10 The Brain and Neuroscience

It is common nowadays to think along these lines: I had a bad day.. because my brain was out of a certain chemical. Or, I felt a certain way about him.. my brain is wired to make me feel this way. Or, maybe: I see the world in this way.. because my brain is programmed that way.

These commonly held views are not objectionable in every way. There must be some kind of single reference point from which everything else derives, and by reference to which things can be explained. However, it is not the brain which is that reference point.

For instance, consider this: God is an idea inside the brain which can be removed, and which has been inserted by experience while the believer in God was growing up. This is something we might hear these days from the common people, and from the neuroscientist.

There is a trivial answer to this on the part of the believer, of course: the common people and the neuroscientist believe in the brain as the source of ideas because the idea of the brain as the central processing unit of the human being 'is an idea inside the brain which can be removed, and which has been inserted...', etc.

In reply, the neuroscientist would point out that the brain and the rest of it are physical objects which can be examined, while God is not a physical object. The brain being an object is what makes neuroscience into a 'science'.

But this area of study and the fixation on the brain as the central object in which knowledge, consciousness, etc., reside has a subtle paradoxical quality which renders this entire science superficial, and those doing this science essentially dishonest, or at least engaged in superficial studies.

When we speak of finding the seat of consciousness, the source of knowledge or memory, neuroscience has located these intangible 'things' (memory, etc.), inside a physical object. Effectively, we are trying to give a space and time location to a 'thought' or a 'memory'. That is to say, the memory, the idea, the thought, the 'faith' are not real in themselves, because they reside inside a physical object.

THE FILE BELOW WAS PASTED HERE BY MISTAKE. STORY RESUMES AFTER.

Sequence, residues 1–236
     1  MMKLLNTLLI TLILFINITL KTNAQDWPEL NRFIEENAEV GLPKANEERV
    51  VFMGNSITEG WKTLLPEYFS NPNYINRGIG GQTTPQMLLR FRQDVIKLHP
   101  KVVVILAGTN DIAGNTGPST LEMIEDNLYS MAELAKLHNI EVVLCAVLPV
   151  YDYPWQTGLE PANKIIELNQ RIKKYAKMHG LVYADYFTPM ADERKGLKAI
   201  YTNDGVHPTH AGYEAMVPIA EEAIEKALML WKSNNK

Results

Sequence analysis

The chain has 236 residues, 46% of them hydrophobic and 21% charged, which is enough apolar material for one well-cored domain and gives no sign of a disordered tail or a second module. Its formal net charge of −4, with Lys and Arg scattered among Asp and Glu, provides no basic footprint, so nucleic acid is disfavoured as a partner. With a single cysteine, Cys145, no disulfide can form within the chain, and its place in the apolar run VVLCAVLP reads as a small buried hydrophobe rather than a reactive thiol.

I find this strange paradox: this physical object is the true source of ideas, thoughts, consciousness of the world, and so on. It alone is the real fact. And yet, do we not see it so annoying clearly: the brain itself is just one of those objects which we see in the world, with our consciousness of the world. And that, at all times, in every way, the brain itself is simply an effect or result of activity of the brain.

The circularity of this conclusion, and the obviousness of it - to me, at least - drives me up the wall when I hear the radio, see the journals, the newspapers, hear the people talking in this way.

To put it succinctly, what does the brain look like to a neuroscientist when he is engaged in doing neuroscience? If he were to study his own brain while doing his science, would he learn anything new about himself or his knowledge and his ideas? Of course, not; and the whole field has this rotten dishonesty about it, making one wonder whether neuroscience is not merely another metaphysics, and a typical delusion of the kind which human history affords so many examples - or whether it is not more likely a kind of object and matter fetish of the satanic kind, where all spirituality is thrown aside for the fascination with materialism and physical things.

Design Jason Powell, 2020.